This morning I presided and preached at a Celebration of the Word with Communion in Pasquingual for the eternal rest of a couple who had been brutally killed with machetes on Sunday. Here is a translation of my notes for the homily. I improvised a bit, taking into account the presence of the mother of the woman and other family members. The readings were Genesis 4: 1-15, Psalm 130, and Luke 23: 26-46.
On behalf of the parish, I would like to extend our condolences to all the family and friends of the couple who have experienced this brutal killing.
Every death brings sadness and tears but these deaths have brought us a deep sadness, many tears, and perhaps some fear.
The first reading tells us how the blood of the Abel cried out to the Lord, rising up to heaven. So too the blood of Hector Ricardo and Maria Pedrina cries out.
In the face of this we have to cry; tears are necessary.
But death is not the final word; the final word is Life – Jesus.
Jesus is not a God who remains distant from human concerns. He became human and suffered a brutal death on the cross. But, even more, he handed over his whole life to give all of us life.
Though Jesus suffered for us, death is not the final word, Jesus, risen, is. He is a Word that is Life, Forgiveness, Reconciliation.
The final word is not a word of death, of vengeance, or even of resignation. It is the Word of New Life.
God does not wish the death of anyone – not of those who have been killed, nor even the death of their killer or killers. In Genesis God puts a special mark on Cain, so that he is not killed.
No to vengeance. Yes to forgiveness. But forgiveness ought to bring a resolution to change, to reconciliation.
We have to put aside the spiral, the cycle of violence and vengeance and begin a new way of living, a life of forgiveness, reconciliation, and solidarity.
Death violence, vengeance have to stop.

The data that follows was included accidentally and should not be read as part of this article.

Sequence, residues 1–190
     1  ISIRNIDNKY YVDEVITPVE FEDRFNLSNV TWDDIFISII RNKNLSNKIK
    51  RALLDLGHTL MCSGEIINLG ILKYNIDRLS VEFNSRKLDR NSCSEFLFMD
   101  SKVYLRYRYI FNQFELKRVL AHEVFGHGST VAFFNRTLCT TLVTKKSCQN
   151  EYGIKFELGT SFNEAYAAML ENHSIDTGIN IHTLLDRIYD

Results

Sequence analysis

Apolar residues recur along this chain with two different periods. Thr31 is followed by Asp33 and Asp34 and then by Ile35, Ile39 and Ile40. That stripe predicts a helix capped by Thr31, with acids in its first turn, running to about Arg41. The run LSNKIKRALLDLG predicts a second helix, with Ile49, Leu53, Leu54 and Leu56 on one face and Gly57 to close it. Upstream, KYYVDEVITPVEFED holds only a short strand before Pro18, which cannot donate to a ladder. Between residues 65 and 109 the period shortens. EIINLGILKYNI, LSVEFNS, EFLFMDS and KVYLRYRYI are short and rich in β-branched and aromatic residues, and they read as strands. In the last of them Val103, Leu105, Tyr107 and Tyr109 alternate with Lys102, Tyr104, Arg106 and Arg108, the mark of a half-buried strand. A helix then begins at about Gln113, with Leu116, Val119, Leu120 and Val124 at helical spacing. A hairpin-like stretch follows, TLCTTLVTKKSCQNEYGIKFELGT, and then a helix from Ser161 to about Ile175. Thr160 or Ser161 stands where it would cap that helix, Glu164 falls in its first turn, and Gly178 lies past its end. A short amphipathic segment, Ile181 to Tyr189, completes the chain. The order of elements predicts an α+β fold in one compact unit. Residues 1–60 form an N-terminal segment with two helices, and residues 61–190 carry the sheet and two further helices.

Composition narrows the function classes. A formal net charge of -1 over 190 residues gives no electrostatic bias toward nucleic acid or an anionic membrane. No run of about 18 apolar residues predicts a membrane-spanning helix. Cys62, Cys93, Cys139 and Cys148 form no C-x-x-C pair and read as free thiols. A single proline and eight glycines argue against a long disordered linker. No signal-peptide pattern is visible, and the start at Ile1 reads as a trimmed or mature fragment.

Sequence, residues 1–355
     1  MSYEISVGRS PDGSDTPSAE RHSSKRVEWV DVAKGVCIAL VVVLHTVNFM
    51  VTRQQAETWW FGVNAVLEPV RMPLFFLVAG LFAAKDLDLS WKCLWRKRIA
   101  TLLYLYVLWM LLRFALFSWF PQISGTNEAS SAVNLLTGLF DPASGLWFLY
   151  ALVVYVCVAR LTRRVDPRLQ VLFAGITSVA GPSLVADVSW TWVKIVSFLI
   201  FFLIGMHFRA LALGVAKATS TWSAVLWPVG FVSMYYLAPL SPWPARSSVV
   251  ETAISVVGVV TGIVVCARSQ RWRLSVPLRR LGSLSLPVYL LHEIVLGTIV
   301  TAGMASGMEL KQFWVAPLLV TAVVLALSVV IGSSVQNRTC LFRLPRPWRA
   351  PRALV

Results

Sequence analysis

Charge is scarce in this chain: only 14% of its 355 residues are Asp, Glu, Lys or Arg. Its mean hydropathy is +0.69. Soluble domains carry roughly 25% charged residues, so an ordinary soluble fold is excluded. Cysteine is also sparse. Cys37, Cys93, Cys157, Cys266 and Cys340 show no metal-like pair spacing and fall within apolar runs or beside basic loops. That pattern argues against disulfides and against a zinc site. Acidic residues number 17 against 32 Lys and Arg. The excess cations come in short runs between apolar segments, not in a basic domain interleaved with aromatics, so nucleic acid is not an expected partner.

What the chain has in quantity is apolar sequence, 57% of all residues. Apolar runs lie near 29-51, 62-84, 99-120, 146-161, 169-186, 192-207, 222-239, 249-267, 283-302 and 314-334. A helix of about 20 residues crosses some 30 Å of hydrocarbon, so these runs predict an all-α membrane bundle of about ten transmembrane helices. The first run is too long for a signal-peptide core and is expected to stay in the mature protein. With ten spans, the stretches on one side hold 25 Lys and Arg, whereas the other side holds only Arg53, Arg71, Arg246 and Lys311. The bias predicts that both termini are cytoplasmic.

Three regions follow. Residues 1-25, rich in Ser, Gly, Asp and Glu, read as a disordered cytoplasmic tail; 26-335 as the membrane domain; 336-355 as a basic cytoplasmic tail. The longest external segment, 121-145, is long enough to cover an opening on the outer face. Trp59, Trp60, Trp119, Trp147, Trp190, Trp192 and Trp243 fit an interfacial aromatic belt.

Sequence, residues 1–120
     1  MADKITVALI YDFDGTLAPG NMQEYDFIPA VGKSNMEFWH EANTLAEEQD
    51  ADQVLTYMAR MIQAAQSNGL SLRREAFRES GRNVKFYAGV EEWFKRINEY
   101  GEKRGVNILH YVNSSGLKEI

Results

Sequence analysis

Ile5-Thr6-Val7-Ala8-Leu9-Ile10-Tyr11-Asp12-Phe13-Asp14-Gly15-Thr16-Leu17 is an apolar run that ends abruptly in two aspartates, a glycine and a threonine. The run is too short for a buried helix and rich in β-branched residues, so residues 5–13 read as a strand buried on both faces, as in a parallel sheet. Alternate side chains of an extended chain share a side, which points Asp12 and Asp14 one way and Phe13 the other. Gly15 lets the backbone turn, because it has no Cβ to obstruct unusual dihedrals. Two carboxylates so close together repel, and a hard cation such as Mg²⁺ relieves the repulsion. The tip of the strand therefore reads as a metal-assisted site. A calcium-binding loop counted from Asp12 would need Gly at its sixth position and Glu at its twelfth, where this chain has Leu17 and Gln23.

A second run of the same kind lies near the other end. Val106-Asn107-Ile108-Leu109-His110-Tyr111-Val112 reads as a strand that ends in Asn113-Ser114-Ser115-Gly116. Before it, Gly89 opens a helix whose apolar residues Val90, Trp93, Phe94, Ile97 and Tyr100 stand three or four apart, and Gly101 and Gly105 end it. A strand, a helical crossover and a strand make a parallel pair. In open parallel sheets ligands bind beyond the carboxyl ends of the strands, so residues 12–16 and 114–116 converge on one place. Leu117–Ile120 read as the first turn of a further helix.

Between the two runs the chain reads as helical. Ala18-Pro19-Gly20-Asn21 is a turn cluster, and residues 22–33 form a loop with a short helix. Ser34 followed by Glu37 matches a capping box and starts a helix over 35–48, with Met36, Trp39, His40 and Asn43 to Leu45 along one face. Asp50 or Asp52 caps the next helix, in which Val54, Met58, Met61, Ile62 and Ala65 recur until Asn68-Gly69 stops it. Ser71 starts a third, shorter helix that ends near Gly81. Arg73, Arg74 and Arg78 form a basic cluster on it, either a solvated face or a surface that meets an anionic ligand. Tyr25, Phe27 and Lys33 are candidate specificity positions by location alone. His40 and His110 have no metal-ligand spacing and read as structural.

And where do they stop, where have they stopped? At the foot fo the Corss.
On the Cross, Jesus broke the spiral of vengeance: “Father, forgive them…” And so Jesus offers us the Life of forgiveness.
Thus, if you have in your heart a desire for vengeance for these terrible killings, leave your desire at the foot of the Cross.
If you are filled with sadness, leave your sadness and tears in the lap of the Virgin Mary, who held the lifeless body of Jesus on her lap after the crucifixion.
If you are afraid, leave your fear in the heart of Jesus, meek and humble of heart.
If the killers are here today and hear my voice, come to the Cross, asking forgiveness and mercy, and converting!
Let us put all at the foot of the Cross.
But let us remember that the final word is Life.
Let us seek reconciliation. Let us seek solidarity. Let us seek forgiveness.
Let us seek forgiveness, but no resignation. Real forgiveness offers us – and offers even the killers – the possibility of living in a different, new way: a life of solidarity, a life of forgiveness, a life of reconciliation, a life of justice.
In the name of God, I call out to you:
Let the violence cease.
Let us cut the spiral of violence.
Let impunity stop.
If there is anyone who knows who are responsible for this crime, denounce them to the authorities. But don’t go alone. Perhaps the whole village should go to provide strength and courage to those who denounce the perpetrators of these and other crimes.
Let us live the solidarity of Christ, who shares our sufferings. Let us aid the family and be with them in this terrible time.